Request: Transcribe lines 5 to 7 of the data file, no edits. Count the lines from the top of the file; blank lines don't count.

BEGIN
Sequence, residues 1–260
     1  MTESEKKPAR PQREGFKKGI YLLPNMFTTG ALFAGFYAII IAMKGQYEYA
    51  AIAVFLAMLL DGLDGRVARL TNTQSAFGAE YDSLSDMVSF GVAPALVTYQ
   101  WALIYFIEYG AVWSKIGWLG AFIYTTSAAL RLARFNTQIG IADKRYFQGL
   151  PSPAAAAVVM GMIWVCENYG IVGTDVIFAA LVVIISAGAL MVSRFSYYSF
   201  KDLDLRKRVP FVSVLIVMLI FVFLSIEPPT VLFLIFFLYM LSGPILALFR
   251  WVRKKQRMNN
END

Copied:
   151  PSPAAAAVVM GMIWVCENYG IVGTDVIFAA LVVIISAGAL MVSRFSYYSF
   201  KDLDLRKRVP FVSVLIVMLI FVFLSIEPPT VLFLIFFLYM LSGPILALFR
   251  WVRKKQRMNN